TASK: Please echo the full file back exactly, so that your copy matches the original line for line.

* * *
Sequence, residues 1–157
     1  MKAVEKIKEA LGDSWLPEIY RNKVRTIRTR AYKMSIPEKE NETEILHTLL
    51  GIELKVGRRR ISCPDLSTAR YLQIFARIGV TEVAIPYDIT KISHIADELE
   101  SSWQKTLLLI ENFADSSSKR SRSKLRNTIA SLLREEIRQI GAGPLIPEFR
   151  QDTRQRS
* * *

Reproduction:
Sequence, residues 1–157
     1  MKAVEKIKEA LGDSWLPEIY RNKVRTIRTR AYKMSIPEKE NETEILHTLL
    51  GIELKVGRRR ISCPDLSTAR YLQIFARIGV TEVAIPYDIT KISHIADELE
   101  SSWQKTLLLI ENFADSSSKR SRSKLRNTIA SLLREEIRQI GAGPLIPEFR
   151  QDTRQRS